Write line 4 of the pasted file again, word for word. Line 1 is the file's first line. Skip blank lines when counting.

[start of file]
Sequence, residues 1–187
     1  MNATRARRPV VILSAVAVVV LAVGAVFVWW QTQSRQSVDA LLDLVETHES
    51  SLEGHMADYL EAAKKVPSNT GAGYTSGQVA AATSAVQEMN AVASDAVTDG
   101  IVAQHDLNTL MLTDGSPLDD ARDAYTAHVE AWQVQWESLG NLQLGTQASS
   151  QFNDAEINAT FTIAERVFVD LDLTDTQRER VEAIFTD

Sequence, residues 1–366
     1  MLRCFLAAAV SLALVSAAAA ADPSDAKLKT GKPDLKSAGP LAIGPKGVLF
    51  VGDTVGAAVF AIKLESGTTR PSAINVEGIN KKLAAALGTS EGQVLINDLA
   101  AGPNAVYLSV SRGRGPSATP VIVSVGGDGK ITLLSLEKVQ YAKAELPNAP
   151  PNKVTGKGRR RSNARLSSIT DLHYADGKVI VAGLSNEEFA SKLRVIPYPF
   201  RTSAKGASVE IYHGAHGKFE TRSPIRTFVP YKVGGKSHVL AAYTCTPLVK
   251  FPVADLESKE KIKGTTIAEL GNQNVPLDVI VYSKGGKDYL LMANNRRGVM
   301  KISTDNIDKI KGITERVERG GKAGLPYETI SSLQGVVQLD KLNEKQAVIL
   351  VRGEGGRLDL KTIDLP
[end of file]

   101  IVAQHDLNTL MLTDGSPLDD ARDAYTAHVE AWQVQWESLG NLQLGTQASS